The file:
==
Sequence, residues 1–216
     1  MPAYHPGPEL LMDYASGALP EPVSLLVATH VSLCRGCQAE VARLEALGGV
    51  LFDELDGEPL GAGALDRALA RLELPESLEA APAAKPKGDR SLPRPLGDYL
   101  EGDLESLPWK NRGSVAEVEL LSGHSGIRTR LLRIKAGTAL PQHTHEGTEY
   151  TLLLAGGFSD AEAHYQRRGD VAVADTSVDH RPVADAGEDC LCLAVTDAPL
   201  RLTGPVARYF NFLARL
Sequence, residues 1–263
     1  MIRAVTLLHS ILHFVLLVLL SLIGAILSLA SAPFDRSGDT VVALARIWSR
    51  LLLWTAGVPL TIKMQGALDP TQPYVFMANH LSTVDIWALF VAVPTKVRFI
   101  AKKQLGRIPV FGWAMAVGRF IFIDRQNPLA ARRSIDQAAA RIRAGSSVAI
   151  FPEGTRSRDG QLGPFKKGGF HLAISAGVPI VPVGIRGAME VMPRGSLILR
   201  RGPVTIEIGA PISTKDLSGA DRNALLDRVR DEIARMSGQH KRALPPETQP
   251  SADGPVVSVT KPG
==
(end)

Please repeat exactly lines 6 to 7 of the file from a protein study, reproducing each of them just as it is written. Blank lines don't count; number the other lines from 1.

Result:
   201  RLTGPVARYF NFLARL
Sequence, residues 1–263